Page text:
But this can’t be right. Despite the apparently law-like tendency towards selfishness, we still see examples of cooperation and self-sacrifice all around us, even when individuals are ‘invisible’ to each other. Citizens can make sacrifices during blackouts and droughts for the sake of maintaining the flow of electricity and water, and people will occasionally risk their lives in order to help total strangers.
It turns out that our thought experiment has two fatal flaws. The first is that we don’t behave the same way around everybody: we’re more likely to cooperate with friends and family than with strangers. Our ideas about the microscopic rules of interaction might be wrong. Secondly, we might be naive about which individuals interact. Even if we keep with our very simplified rules, it’s unrealistic to assume that everyone is equally likely to come into contact with one another, especially in bigger groups.
In fact, the fine details of the social network – who is connected to whom, and how many people are involved – have an incredibly strong impact on the behaviours that flourish or perish within it. Martin Nowak is the head of our lab; he says in his book SuperCooperators (2011), co-authored with Roger Highfield, that you can look at population structure as you would the phases of a physical substance. Think about H2O molecules bumping into one another. The population structure of ice (where molecules are unmoving and can ‘see’ only a few others nearby) will produce a different set of interactions to water (where molecules often ‘see’ the same close neighbours often, but also move around and explore other neighbourhoods) or steam (where there are no familiar neighbours, and molecules careen about wildly).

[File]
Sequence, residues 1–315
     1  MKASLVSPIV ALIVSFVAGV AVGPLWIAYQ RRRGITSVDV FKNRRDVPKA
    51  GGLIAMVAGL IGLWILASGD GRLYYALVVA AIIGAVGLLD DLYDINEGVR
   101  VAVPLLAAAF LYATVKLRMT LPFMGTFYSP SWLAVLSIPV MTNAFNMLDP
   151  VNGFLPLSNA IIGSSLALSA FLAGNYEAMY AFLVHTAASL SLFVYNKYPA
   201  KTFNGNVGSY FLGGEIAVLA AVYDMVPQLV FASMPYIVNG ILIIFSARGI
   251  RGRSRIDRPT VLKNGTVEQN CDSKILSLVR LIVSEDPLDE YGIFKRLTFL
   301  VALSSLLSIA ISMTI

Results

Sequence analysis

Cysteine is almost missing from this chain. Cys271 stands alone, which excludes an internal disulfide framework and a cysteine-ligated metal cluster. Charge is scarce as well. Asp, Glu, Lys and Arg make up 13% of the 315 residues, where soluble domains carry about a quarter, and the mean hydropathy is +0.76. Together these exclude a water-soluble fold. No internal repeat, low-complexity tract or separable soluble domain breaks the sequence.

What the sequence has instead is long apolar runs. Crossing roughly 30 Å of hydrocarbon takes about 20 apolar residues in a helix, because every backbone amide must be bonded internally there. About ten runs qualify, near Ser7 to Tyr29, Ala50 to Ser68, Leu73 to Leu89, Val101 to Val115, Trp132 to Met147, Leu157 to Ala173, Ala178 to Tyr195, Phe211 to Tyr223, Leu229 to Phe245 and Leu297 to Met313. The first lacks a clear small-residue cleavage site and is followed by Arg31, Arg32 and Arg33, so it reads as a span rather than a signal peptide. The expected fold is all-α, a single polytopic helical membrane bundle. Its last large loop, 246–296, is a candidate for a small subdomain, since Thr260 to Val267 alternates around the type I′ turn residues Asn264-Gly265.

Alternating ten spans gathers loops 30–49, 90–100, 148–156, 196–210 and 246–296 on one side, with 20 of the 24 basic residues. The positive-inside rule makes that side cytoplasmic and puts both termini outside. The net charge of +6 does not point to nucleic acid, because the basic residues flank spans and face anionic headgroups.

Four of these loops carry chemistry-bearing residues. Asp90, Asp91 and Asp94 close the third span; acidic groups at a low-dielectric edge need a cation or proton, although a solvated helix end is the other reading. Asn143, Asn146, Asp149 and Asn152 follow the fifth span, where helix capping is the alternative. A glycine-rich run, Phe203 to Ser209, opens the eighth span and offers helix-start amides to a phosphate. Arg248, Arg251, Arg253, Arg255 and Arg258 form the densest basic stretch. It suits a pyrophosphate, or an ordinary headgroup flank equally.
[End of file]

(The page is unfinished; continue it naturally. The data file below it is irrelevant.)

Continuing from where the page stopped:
Raising the temperature of a solid will eventually turn it into a liquid, and then a gas. Similarly, we can think of a kind of ‘social temperature’ that dictates the rate at which people interact, and how unfamiliar they are to us. In the thought experiment, we often encounter people we hardly know, much like a hot gas of molecules crashing into one another, or forcing our way through a crowd to board the subway. In this scenario (much like in real subways), it is hard to foster cooperation.
What happens at the other end of the spectrum – in ‘solids’? A solid population would be unchanging, just like the molecules in a brick or rock. You’d always see the same people, and know their reputation and behaviour. For most of us, this solid, crystalline phase represents the backbone of our social life. We have long-lasting connections to friends and family, and interact with them often, but don’t see as many friends-of-friends or family members several-times removed.